Note: LogicMonitor also supports dynamic thresholds for datapoints (as compared to the manually assigned static thresholds referenced throughout this article). Dynamic thresholds are calculated by algorithms and automatically trigger alerts when datapoint values are deemed anomalous (that is, when values fall outside of the expected range based on historical datapoint history). Depending upon your use case, enabling dynamic thresholds instead of (or in addition to) static thresholds can be an excellent alerting strategy. For more information, see Enabling Dynamic Thresholds for Datapoints.
Note: Other datapoint settings (in addition to static and dynamic thresholds) that can impact alert noise include alert trigger intervals (i.e. how many consecutive polling cycles a threshold must be exceeded in order for an alert to trigger), alert clear intervals (i.e. how many consecutive polling cycles datapoint values must remain below threshold before an alert clears), and No Data alert behavior (i.e. should the absence of expected data trigger an alert?). As discussed in Datapoint Overview, these settings are configured from the global DataSource definition.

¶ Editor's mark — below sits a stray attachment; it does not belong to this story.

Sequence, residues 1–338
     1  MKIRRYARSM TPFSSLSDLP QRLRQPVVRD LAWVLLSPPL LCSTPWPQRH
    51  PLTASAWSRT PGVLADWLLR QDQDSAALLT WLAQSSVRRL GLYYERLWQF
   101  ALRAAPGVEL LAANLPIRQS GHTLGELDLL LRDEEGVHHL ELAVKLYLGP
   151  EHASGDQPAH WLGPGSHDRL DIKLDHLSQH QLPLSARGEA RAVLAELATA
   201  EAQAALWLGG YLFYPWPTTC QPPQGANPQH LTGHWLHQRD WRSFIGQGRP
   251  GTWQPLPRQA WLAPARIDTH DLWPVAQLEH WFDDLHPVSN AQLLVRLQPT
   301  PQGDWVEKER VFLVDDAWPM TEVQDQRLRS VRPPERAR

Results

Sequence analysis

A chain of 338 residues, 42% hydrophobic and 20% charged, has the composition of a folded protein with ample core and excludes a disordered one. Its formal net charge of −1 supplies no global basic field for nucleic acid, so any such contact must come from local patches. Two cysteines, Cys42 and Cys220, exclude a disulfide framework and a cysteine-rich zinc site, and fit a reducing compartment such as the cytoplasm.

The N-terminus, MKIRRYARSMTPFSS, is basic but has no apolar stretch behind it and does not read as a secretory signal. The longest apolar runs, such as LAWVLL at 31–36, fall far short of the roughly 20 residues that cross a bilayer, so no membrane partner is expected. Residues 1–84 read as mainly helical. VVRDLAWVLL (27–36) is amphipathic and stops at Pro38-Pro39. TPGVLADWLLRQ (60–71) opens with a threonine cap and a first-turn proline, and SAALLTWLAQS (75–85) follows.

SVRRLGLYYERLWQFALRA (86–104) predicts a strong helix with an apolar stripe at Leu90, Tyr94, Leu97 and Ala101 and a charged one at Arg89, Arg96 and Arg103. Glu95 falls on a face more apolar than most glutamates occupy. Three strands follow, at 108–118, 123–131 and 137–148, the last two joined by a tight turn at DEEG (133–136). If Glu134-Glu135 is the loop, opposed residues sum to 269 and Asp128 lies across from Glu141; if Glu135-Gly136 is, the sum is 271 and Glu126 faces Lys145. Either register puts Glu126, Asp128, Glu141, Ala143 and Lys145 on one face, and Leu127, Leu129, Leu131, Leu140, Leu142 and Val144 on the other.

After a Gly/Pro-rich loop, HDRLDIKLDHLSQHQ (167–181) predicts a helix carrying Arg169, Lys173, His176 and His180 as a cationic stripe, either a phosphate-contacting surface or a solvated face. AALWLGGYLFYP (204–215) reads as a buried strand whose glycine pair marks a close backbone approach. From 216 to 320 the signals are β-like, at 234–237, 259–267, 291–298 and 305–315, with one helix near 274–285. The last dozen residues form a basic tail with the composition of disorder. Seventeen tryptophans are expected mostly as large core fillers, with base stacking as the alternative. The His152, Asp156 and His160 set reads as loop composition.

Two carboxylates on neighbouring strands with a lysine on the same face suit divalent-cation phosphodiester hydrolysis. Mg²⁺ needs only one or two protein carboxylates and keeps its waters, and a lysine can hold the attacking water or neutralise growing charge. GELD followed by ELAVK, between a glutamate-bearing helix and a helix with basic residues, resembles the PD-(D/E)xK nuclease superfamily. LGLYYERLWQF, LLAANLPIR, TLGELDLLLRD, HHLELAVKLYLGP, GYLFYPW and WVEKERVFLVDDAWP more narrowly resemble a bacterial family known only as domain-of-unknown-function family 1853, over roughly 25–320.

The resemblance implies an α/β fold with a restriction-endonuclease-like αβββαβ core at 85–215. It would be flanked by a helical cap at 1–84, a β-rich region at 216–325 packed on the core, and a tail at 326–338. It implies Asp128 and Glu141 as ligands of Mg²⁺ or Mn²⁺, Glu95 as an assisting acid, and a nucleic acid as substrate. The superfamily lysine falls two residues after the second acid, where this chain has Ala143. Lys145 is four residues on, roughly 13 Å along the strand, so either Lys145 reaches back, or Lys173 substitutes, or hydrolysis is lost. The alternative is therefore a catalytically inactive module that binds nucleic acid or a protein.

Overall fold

Before you adjust datapoint thresholds, it’s important to first determine at which level they should be adjusted:
For example, if you want the adjusted thresholds to apply to all relevant resources in your network infrastructure (i.e. every single instance to which the DataSource could possibly be applied), you would adjust the thresholds at the global level—in the DataSource definition itself. Global tuning is recommended when a majority of the instances in your infrastructure will benefit from the tuning. Alternately, if the adjusted thresholds are only applicable to a single instance of a single resource, you would adjust the thresholds at the instance level.